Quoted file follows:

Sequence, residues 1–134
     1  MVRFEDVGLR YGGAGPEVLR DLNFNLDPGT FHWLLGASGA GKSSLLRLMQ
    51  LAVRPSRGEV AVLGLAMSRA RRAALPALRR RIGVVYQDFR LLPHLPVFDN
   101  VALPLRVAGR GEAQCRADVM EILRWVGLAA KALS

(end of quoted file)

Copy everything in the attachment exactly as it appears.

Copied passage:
Sequence, residues 1–134
     1  MVRFEDVGLR YGGAGPEVLR DLNFNLDPGT FHWLLGASGA GKSSLLRLMQ
    51  LAVRPSRGEV AVLGLAMSRA RRAALPALRR RIGVVYQDFR LLPHLPVFDN
   101  VALPLRVAGR GEAQCRADVM EILRWVGLAA KALS